communication and entertainment, I have not witnessed a commensurate percentage of teachers effectively integrating technology. Many teachers see technology as an add on, another thing to learn and implement on top of an already overwhelming list of district mandates. Anyone who has stood in the shoes of a classroom teacher should be able to relate with some of that mindset. However, it becomes paramount for District Technology leaders to ensure that teachers and administrators are exposed to concrete examples of technology’s added value in instruction. In addition, college and university teacher education programs need to teach pre service teachers how various technology tools can directly and seamlessly support student learning. Part II: In the second part of your policy brief, complete the table below with Hattie's 6 factors influencing student achievement, common technologies representative of those factors, the opportunities that those technologies present, and the challenges or problems created through technology.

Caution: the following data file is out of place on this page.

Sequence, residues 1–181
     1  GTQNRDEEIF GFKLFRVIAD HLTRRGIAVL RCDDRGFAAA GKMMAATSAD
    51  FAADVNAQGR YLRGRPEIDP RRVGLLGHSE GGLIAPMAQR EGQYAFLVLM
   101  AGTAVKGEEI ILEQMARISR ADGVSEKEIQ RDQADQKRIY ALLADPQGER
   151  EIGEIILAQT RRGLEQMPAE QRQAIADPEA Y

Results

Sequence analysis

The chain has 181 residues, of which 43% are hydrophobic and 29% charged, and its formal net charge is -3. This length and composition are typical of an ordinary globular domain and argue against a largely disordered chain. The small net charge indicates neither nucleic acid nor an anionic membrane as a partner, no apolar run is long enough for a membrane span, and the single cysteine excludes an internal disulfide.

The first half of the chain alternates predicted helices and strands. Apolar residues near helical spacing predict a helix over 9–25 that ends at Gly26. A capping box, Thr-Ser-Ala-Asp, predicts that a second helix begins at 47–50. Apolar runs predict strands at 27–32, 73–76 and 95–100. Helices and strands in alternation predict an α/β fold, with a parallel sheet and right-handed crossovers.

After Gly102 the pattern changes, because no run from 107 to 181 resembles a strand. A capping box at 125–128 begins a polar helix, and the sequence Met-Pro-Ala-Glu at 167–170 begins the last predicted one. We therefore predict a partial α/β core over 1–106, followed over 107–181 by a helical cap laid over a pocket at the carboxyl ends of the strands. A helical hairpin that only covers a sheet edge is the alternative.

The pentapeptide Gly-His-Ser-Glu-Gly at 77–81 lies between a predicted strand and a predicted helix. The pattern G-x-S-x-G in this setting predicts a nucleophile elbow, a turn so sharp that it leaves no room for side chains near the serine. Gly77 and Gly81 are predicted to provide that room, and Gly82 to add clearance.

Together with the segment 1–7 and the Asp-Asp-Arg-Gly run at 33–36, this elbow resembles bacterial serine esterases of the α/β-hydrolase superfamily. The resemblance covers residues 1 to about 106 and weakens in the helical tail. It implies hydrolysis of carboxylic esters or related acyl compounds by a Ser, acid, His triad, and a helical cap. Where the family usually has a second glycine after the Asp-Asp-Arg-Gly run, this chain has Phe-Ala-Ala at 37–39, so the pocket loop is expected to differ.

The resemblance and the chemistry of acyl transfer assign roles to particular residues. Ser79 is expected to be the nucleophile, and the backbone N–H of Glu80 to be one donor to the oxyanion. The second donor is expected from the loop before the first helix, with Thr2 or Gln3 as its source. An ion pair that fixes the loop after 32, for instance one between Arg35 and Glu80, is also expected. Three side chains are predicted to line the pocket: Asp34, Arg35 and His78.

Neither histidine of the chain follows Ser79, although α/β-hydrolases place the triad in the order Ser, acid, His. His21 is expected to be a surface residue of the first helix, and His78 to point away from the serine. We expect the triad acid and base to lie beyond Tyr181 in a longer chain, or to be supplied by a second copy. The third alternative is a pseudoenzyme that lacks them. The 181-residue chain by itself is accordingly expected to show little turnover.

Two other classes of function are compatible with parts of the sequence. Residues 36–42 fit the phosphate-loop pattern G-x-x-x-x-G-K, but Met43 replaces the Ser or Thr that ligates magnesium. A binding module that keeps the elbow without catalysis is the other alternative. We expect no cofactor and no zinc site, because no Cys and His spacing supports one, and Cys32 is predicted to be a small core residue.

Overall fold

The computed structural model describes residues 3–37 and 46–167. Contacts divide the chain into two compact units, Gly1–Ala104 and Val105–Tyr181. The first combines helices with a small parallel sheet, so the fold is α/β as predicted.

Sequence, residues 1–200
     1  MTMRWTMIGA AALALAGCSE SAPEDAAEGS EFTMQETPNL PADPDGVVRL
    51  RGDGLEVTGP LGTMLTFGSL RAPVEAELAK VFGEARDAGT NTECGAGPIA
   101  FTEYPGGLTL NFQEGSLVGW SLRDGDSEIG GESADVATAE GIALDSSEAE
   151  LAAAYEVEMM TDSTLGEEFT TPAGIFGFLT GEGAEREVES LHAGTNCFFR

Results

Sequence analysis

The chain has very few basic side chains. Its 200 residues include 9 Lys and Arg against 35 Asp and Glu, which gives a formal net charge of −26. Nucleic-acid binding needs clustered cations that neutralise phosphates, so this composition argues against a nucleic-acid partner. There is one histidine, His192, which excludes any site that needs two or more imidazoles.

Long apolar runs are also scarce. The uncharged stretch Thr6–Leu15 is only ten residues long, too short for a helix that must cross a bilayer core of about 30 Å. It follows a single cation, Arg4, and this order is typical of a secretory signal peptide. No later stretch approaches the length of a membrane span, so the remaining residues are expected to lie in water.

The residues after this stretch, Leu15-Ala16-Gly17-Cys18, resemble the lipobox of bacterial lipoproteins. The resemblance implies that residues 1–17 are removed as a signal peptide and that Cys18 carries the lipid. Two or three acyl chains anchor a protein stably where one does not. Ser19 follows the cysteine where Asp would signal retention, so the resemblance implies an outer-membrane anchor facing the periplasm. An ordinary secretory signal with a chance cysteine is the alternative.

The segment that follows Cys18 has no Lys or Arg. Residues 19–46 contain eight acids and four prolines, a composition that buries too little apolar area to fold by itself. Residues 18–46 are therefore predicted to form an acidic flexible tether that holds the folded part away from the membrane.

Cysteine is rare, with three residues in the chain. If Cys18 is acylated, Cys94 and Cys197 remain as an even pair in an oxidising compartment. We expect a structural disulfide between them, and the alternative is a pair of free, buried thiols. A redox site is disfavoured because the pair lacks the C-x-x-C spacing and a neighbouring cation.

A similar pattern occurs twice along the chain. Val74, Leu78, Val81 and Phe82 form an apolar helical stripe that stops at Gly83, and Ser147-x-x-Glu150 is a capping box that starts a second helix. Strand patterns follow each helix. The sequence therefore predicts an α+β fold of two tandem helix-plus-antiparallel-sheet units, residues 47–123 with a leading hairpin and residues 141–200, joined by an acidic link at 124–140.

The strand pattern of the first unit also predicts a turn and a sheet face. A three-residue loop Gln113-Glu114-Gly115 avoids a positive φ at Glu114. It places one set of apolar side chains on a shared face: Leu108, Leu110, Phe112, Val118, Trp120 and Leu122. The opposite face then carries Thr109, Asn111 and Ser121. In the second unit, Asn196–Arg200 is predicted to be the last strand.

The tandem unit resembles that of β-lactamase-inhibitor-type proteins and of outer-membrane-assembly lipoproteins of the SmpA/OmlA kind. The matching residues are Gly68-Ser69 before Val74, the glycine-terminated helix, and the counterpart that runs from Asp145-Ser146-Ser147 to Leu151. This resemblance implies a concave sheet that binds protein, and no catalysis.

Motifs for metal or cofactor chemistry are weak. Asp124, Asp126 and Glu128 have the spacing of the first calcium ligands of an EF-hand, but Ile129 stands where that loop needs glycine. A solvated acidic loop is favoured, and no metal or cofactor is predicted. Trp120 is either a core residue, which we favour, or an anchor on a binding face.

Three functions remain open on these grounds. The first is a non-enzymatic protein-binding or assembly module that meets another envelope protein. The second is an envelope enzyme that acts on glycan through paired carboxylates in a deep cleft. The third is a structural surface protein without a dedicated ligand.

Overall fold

•Computer •Word Processor •Play Station and other similar hardware •Video Games •Social Networking sites
•Technologies capture students attention •Students writing may improve since they’re writing for an audience
•School Web Sites •Computers •Telephones,
•Student Information Systems •Intercoms •Computers •VoIP •EMail
•Increased communication with parents •offer language classes to support Parents of ELL’s •Increased Communication •Ability to analyze student data in various subgroups
•Sometimes the technology can overshadow the intended learning •Students need to use Social Networking appropriately •Students need awareness of the dangers inherent in CyberSpace •Not all homes have web access •not all homes may have telephones Staff need training in analyzing data and adapting instruction based on their findings
•Web Based Resources exist •Extending the learning for some curricula beyond the immediate •Electronic versions of classroom (home, library, etc..) curricula •Glencoe Software: Exam •Modifying text to align with View students reading levels •Visual and multimedia •Connected Mathematics examples of whats contained Curriculum has extensive web based resources and in the text extensions